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Russia supports 'peaceful' nuclear drive in Iran
BEIJING — Russia supports Tehran's atomic programme as long as it is "peaceful", President Vladimir Putin told Iranian counterpart Mahmoud Ahmadinejad Thursday ahead of global talks on Iran's nuclear ambitions.
The Iranian president, meanwhile, called for more cooperation between Iran and Russia as NATO "sets its sights on the east", in a likely reference to a missile defence system currently being deployed by the Western alliance.
"We have always supported the right of the Iranian people to modern technologies, including the peaceful use of atomic energy," Putin told Ahmadinejad on the sidelines of a regional security summit in Beijing.
"But I want to emphasise that it is peaceful that we are talking about. You know our position."
The West believes Iran is trying to develop an atomic bomb under cover of a civilian programme but Tehran insists its intentions are purely peaceful, and the situation has brought about a shaky standoff.
The talks between the two leaders at the Shanghai Cooperation Organisation (SCO) summit -- the first since Putin returned to the Kremlin for a third term -- come as Russia prepares to host the latest round of global talks on Iran.
The June 18 and 19 meeting between world powers and Iranian negotiators will try to find a diplomatic solution to the current standoff over Tehran's nuclear programme.
Russia has in the past urged Iran to cooperate with the International Atomic Energy Agency to clear up any suspicions about the nature of its nuclear programme.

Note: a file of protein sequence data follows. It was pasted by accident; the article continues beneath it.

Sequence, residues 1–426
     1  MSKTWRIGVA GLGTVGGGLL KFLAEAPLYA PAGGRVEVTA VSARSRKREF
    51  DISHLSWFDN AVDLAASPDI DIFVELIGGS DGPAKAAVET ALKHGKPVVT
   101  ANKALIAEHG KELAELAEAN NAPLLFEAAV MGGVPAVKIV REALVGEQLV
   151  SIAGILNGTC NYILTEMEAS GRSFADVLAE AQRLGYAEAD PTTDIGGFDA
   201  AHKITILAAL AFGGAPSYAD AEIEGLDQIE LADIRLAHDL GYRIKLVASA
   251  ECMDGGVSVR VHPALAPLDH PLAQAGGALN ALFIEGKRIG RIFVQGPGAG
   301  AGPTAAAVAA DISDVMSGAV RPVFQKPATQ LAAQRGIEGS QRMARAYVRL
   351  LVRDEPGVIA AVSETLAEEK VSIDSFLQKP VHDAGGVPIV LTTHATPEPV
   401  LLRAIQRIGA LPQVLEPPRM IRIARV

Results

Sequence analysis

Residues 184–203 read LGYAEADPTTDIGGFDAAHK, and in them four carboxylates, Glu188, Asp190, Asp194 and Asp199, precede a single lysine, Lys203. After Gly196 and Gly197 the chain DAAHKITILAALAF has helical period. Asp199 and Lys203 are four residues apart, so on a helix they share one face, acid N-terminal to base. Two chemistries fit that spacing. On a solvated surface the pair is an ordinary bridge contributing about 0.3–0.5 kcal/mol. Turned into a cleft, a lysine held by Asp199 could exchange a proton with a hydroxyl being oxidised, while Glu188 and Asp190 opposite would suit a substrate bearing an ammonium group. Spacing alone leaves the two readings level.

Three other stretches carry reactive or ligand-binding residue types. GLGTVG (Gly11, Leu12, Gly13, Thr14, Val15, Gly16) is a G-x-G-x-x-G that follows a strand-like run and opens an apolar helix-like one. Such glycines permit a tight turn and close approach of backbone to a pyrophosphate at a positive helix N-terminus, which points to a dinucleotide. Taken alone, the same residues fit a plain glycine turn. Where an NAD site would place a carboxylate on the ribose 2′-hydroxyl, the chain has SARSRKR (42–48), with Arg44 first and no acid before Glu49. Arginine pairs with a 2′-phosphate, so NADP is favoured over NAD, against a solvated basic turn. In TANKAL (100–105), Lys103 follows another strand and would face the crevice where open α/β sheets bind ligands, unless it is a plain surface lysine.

But it has never explicitly backed Western claims that Iran is seeking to develop an atomic weapon -- a stance reiterated on Thursday.
"We are very strong supporters of the non-proliferation of nuclear weapons," Putin said.
"But we know your position and the position of all the Iranian leadership, which is that Iran is not working on the creation of a nuclear weapon. We are proceeding based on this."
Putin's comments came after leaders of the Shanghai Cooperation Organisation's member states issued a statement Thursday opposing any use of force in Iran, saying it could threaten global security.
"Any attempts to solve the Iranian problem with force are unacceptable and could lead to unpredictable circumstances that threaten stability and security in the region and the entire world," said the statement signed at the end of a summit.
In his talks with Putin, Ahmadinejad called for "serious and broader cooperation between Iran and Russia" due to developments "in the region and the world".
"Iran and Russia are now on the same side of the barricades," he told Putin.
"There are people who stand against the progress and development of both Russia and Iran. Especially considering that now, NATO has set its sights on the east," he said.
Ahmadinejad was likely referring to a NATO defence system that is being deployed over several years to protect Europeans from the threat of ballistic missiles from countries such as Iran.